“Everything has changed and yet, I am more me than I’ve ever been.” -Iain Thomas
The loss of identity during a transition can be terribly disorientating. Simple tasks can become infinitely complex when we’re not sure of our place or ability. The journey from childhood to adulthood, singlehood to couple hood and/or parenthood, addiction to sobriety, illness to death or even illness to health. To do something that you’ve done a million times but to suddenly find it difficult or even impossible is stupefying.
After my son was born, I suffered crippling postpartum anxiety. I’d have dreams of my baby being ripped from my arms by water or wind and I’d wake up sobbing. I would panic about my baby dying while I took a shower so I’d put him in his car seat, prop him against the mirror in the bathroom so I could watch him the whole time and frantically shower as fast as possible. I wasn’t married to the father yet so insecurity would creep in from all angles.
Motherhood was not something I was prepared for. I had no role models for motherhood and had no idea how to care for a tiny human. I don’t think I’ll forget the shock when they let us leave the hospital; they just let us take this fully dependent person home with very little instruction other than if I didn’t breastfeed, I was doing my child a disservice.
Those first few weeks were unlike any other experience I’ve had. The transition from only having to care for myself to having to care for another human being was intimidating. The father was/is supportive and loving but, like me, lacked experience. We were first time parents with limited outside support. We had each other which in the end was more than enough but at the time felt like we were an island surrounded by expectations.
During this transition, it was extremely hard for me to leave the house. To combat this fear, we planned a special day together as a family before my partner had to return to work from paternity leave. We decided to go to the “The Museum of Russian Art” in Minneapolis.
It took us way longer than it should have to get out of the house, but we finally made it. We were on our way! I have scattered memories from our adventure to the art museum but the memories that remain I will likely never forget. Our son needed a diaper, so I took him to the bathroom to change him. I was prepared. I had a diaper changing pad, back-up clothes, diapers, wipes, and diaper cream. What I didn’t have was confidence.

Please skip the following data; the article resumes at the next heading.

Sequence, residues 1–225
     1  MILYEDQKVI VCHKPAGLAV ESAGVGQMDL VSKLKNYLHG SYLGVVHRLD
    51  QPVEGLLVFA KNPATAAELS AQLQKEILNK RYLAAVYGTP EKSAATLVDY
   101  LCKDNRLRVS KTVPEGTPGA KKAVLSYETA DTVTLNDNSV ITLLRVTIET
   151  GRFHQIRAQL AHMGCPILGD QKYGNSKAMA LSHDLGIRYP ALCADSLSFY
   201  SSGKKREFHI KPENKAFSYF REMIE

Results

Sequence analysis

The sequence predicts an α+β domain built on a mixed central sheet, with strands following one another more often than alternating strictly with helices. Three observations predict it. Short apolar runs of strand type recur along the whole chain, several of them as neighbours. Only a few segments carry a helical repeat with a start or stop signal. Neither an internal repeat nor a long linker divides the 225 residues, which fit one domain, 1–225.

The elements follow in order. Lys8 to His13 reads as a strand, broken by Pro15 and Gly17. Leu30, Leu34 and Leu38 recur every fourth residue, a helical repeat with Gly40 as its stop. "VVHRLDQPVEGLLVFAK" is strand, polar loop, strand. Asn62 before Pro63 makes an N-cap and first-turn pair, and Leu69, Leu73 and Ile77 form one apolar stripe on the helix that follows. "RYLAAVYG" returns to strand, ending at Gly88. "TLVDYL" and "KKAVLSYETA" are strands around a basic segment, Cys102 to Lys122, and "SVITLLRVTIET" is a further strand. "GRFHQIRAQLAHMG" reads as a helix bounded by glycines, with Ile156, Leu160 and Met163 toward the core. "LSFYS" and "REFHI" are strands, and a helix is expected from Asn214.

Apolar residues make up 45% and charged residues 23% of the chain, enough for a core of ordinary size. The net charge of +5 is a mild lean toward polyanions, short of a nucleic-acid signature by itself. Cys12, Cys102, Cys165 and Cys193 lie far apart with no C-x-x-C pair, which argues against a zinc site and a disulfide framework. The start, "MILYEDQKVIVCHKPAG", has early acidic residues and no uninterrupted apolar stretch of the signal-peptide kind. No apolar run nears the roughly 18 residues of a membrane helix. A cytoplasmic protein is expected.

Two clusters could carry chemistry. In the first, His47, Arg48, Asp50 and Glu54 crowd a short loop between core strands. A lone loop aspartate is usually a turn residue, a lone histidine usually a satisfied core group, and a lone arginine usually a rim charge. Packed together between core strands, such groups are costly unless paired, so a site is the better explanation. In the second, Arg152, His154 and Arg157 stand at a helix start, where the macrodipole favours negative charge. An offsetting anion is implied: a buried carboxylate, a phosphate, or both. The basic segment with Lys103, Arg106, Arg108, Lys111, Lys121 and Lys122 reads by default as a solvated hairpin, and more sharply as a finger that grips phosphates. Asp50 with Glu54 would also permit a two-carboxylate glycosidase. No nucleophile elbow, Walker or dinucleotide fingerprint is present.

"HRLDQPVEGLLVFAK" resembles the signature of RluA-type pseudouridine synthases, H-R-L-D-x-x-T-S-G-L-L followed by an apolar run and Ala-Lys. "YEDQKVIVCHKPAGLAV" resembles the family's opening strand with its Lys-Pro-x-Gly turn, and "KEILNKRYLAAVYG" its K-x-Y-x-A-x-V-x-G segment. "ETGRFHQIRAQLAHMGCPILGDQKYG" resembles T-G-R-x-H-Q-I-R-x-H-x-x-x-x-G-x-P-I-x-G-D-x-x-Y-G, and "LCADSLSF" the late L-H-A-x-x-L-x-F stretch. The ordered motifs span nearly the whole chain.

Once in the bathroom, I realized I had to go to the bathroom too. I was in the stall before I realized I had no idea what to do with my son. I held him as I did my business which made it take way longer than it should have. I was paranoid about him touching anything dirty, so I was also frantically wiping everything down and trying desperately to keep him close to me. Then it was time to change his diaper.
After diligently wiping down the diaper changing station with sanitizing wipes, I carefully secured the water-proof diaper pad and laid him down. Only then did I realize that the diaper bag was now out of reach. I panicked. There are signs all over the station saying not to leave the baby unattended for any reason and I remembered at the hospital they said to always keep one hand on the baby during changing. Surly, if I didn’t follow this direction my baby was going to fall off to his demise. Poop was everywhere by this time, and I need more wipes. The situation was becoming dire.
In hindsight, it is comical how poor my problem-solving skills were at this moment. Panic prevented me from calling out to my partner who was literally less than ten feet away on the other side of the door. Instead, with one hand always on my baby, I was able to hook the diaper bag with my foot by practically laying down on the floor with one hand awkwardly still on my son. Now armed with the proper tools I was able to dominate the diaper situation and change my precious son’s poop-stained clothes.
When we entered the bathroom, I was but a meek girl but by the time I emerged, victorious with my happy, clean son in my arms, I was a fierce mother. My partner could recognize the change in me and congratulated me on changing a diaper in public for the first time.
The next memory that has stuck with me was the first time I saw the painting “Milkmaids” by Nikolai Nikolaevich Baskakov. I was in awe. I could feel the happiness in the painting. I felt hopefully looking at the painting of three women, who I imagined as mothers, laughing so much they lost their composure. I made a brief comment to my partner about how it made me feel and then we our son started crying and our adventure to the museum had reached its natural conclusion.
A few months later, my partner gave me a print of the painting “Milkmaids” as a gift. We didn’t have much money at the time, but we decided it was worth the expense to have it professionally framed.
More than four years have passed since those early days of parenthood. Today, I can change a diaper in pretty much any scenario with little thought or effort. Together, my husband and I are confident that we can handle whatever the kids have in store for us. We are warriors.
Today, I remember that transitions are difficult but worth it. It is by scarping away what is familiar that we can find beauty and growth. My darkest moments have proceeded some of the most beautiful. When I have doubts, all I must do is look at the Milkmaids painting proudly displayed in our living room and take comfort that there is no wrong way to acquire experience and like all things, this too shall pass.